Parenting stepchildren can feel more like a burden than a privilege at times. We have the responsibility of a parent with few parental rights. Fold the laundry. Cook dinner. Run the carpool. Despite our efforts toward mundane parenting tasks, we get little regard as a parent, or appreciation for our help.
So, how do we learn to embrace our roles as stepmothers? A few key steps can help us thrive and gain confidence with the expectations placed on us.
• Be your own person. Don’t try to replace the biological mom. Don’t compete with her, either. It’s okay to be different. When my stepdaughter was young, she thought I was weird because I didn’t know how to French braid hair. Spending a lot of time styling hair wasn’t important to me but she hurt my feelings with her comments. Her biological mom was a wonderful hairstylist and I felt inferior to her. I now recognize the importance of accepting my differences and being comfortable with who I am.
• Work harder at being a friend, rather than a parent, particularly in the beginning. Developing a relationship with your stepchild is the primary goal for a new stepparent. Find common ground that allows time together comfortably. Let the biological parent take the lead in disciplining during the relationship-building period. Moving into a parental role too soon results in anger and resentment.
• Forgive yourself when you fail. You will mess up as a stepparent. During the early years of my new marriage, I was easily irritated with the shortcomings of my stepchildren. I reacted in favor of my biological children during times of conflict and was frustrated with my lack of patience and fairness toward my stepchildren. As I sought to forgive myself for my mistakes and learn from my failures, I could pick myself up and begin again with positive strides in my stepparenting role.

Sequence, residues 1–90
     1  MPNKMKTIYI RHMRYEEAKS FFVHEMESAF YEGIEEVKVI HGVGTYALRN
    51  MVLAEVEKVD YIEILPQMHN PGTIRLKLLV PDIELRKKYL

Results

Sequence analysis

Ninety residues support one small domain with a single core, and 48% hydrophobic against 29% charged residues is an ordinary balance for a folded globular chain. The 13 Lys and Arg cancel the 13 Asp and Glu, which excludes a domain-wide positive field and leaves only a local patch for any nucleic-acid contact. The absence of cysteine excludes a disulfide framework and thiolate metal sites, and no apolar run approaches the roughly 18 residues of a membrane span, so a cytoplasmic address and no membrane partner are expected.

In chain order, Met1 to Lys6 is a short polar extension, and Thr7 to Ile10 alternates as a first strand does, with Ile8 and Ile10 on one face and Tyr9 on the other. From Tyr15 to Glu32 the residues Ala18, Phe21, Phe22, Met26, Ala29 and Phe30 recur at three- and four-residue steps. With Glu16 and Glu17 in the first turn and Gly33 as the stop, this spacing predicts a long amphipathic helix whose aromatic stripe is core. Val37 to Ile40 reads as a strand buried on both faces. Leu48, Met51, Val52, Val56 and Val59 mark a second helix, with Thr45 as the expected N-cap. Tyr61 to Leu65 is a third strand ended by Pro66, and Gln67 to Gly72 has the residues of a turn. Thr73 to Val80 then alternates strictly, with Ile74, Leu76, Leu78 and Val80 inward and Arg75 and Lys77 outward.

• Make your marriage a priority. It’s easy to allow struggles with the kids to interfere with your marital relationship. Stay connected in tough times by taking intentional steps to work through conflict and create a united front. Recognize the challenge of blending a family and seek professional help if you reach an impasse in your relationships.
• Allow plenty of time for new relationships to develop. Continuously strive for love and acceptance of one another, but don’t expect harmony overnight. The average stepfamily takes seven years to integrate. Complex stepfamilies (when both parents bring children to the marriage) can take longer. But there are rewards on the stepmothering journey as we learn to love and be loved by our stepchildren.
After more than 17 years as a stepmother, I experience far more rewards than burdens. I can honestly say, “It’s been a privilege to take part in raising my stepchildren.” I’m thankful for the healing that has occurred in our relationships and look forward to the years ahead as our family continues to grow and mature, and I embrace my role as a stepmother.
Gayla Grace is a wife and mom to five children in her blended family. She ministers to stepfamilies through her website, www.steppa
©2012 Community News Group